Since the dielectric barrier discharge was invented by Siemens in the 1850s, it has become a working standard technology for ozone production. Since DBD reactors do not require a vacuum system, they can easily be applied, where the ozone is needed. This is of particular interest, for example, for water purification, where vast amounts of ozone are needed. DBD discharges can create this reactive molecule very efficiently, especially when the plasma source is driven by ns pulses with high voltage (25-40 kV) and high repetition rate (up to 2 kHz). If pure oxygen is used as feed gas, the energy cost for ozone production at room temperature can be as low as 2.5 kWh/kg. However, air can be used as working gas as well but with an increased energy demand of 5 kWh/kg. Although the energy cost for ozone production is very low, the energy density should be preferably high – up to about 70 W/dm³. In this power density regime, the production of O3 becomes highly efficient and the limit of 2.5 kWh/kg can be reached. Since the power density should be high for efficient ozone synthesis, it is advisable to have only small discharge gaps between the DBD electrodes. In modern ozone generators, the DBD electrodes mainly consist of glass or other dielectric tubes with a conductive thin film on the inner wall. These pipes are inserted into water-cooled steel tubes that are grounded and work as the counter electrode. The radial gap between those pipes should have high precision and be in the order of 0.1 to 1 mm. Microdischarges form in such thin gaps and lead to the excitation of oxygen molecules and subsequent ozone formation.
Some general applications of dielectric barrier discharge include:
Activation of large areas of materials where the bonding application requires a small adjustment in surface energy. One of the most important uses currently in surface treatment is the activation of plastic foils in order to increase their surface energy prior to bonding, printing, coating, adhesion, or for cleaning it from organic compounds.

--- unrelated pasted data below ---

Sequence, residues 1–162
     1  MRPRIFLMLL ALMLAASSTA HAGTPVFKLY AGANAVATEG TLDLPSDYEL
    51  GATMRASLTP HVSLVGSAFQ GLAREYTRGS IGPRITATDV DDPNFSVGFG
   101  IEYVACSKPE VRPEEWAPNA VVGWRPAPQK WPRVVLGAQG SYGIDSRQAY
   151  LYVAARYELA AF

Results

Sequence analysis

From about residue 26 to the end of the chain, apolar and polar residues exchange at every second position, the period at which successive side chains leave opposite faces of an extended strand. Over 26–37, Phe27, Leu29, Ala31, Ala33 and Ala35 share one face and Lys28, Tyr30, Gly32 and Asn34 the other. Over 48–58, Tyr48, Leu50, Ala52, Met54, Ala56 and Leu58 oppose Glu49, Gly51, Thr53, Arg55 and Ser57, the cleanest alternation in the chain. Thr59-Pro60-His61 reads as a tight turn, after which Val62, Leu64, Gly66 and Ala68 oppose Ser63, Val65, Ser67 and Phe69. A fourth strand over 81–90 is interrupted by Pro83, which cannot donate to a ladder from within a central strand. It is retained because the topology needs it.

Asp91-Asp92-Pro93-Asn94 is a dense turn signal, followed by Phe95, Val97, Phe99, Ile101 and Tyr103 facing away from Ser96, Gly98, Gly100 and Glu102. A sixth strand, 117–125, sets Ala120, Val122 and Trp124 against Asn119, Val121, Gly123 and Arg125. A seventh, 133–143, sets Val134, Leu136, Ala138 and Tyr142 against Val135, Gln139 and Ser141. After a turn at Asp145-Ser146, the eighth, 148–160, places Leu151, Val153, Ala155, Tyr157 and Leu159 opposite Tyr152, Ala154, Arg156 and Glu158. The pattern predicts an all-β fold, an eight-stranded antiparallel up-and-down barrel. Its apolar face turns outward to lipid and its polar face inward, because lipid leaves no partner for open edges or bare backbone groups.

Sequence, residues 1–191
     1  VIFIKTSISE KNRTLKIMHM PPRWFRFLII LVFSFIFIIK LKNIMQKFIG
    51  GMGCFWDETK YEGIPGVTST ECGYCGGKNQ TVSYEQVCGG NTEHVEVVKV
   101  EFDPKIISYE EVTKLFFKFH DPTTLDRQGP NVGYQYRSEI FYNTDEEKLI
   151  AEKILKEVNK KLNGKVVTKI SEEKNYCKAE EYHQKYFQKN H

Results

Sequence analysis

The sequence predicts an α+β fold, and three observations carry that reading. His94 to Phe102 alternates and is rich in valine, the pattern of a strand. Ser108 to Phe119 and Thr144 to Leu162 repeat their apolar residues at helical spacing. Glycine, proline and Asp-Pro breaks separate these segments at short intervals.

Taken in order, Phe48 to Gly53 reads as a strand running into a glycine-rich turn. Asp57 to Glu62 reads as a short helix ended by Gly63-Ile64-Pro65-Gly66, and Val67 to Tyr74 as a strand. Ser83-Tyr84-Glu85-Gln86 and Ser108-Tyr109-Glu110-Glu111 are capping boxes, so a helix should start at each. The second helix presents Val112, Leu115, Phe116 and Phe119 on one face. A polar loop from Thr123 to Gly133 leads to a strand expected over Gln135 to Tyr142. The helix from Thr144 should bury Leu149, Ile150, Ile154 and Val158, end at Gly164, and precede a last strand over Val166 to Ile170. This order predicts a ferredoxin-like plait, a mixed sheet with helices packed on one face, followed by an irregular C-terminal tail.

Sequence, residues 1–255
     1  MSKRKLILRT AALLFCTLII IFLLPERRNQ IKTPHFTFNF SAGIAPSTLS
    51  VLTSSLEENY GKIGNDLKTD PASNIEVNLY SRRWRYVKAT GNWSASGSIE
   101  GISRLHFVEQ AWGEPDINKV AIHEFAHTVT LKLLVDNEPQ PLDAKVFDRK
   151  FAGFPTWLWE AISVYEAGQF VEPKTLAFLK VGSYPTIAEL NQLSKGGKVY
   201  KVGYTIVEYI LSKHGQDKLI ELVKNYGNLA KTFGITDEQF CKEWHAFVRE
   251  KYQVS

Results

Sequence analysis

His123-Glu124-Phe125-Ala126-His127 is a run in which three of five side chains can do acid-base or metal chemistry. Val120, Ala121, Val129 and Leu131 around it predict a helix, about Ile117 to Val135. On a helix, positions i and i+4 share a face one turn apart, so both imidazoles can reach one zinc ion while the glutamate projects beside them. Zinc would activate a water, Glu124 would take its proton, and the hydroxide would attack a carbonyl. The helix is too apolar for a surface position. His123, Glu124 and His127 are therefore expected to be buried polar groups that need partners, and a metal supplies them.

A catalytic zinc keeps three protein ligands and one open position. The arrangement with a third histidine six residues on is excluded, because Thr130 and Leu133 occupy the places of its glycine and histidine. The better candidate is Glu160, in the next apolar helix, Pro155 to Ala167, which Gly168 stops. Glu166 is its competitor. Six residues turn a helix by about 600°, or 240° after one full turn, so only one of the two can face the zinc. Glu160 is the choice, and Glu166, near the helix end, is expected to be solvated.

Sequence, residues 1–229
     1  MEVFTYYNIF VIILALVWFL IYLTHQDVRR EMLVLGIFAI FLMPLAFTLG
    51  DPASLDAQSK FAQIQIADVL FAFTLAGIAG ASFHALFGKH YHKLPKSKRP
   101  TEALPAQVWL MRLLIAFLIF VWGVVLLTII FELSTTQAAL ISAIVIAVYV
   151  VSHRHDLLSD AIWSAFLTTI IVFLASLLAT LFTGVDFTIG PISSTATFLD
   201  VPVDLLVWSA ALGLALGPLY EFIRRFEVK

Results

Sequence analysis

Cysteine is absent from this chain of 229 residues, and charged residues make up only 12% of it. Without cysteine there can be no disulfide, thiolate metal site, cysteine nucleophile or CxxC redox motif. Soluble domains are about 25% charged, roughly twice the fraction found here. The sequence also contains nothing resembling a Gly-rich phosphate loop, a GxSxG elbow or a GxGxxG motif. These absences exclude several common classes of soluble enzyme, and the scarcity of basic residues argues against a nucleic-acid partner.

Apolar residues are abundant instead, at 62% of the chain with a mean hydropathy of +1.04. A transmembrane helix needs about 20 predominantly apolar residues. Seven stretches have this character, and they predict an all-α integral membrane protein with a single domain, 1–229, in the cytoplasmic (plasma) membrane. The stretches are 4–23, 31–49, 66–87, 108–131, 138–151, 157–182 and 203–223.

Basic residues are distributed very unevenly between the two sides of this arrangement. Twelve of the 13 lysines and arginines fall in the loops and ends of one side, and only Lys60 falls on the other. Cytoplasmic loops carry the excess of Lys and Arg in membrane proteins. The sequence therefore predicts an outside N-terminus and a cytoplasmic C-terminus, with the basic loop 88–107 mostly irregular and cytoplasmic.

Reforming gas - where a manufacturing process converts one gas to another; for example, breaking down a large molecule gas for environmental reasons or converting a existing planetary gas experimentally to produce methane fuel.
Gas Scrubbing – DBD is used in commercial and industrial gas scrubbing processes; for example removing siloxane from landfill gases to generate useful end-products such as methane as a renewable energy resource.
Ozone creation – ozone synthesis is highly efficient in non-thermal DBD discharges since higher temperatures can lead to an overheating of the DBD plasma and to ozone destruction. For this reason, suitable plasma power supplies should operate in a pulsed regime with nanosecond pulses and kHz repetition rates.
Nitrogen fixation - the creation of NOx from the air via a DBD discharge has gained some traction in recent years as it is assumed that nitrogen oxide can be a crucial building block for nitrogen fixation. Atmospheric pressure DBD discharges might, thus, be able to substitute the conventional Haber-Bosch process for ammonia synthesis in the future.
Industrial applications of dielectric-barrier discharges have come a long way and, more recently, have substantially increased their market penetration. No doubt, this trend will continue.
Modern modeling and diagnostic tools have helped industry in general gain a better understanding of the fundamental processes that determine the discharge initiation and the resulting plasma chemical reactions. Miniaturization of electrode structures and discharge cells and the development of affordable, large throughput manufacturing technologies has resulted in an explosive growth of novel applications such as display device production. Dielectric barrier discharge has now become a readily-accepted option for manufacturing versus more typical atmospheric or low-pressure plasma systems.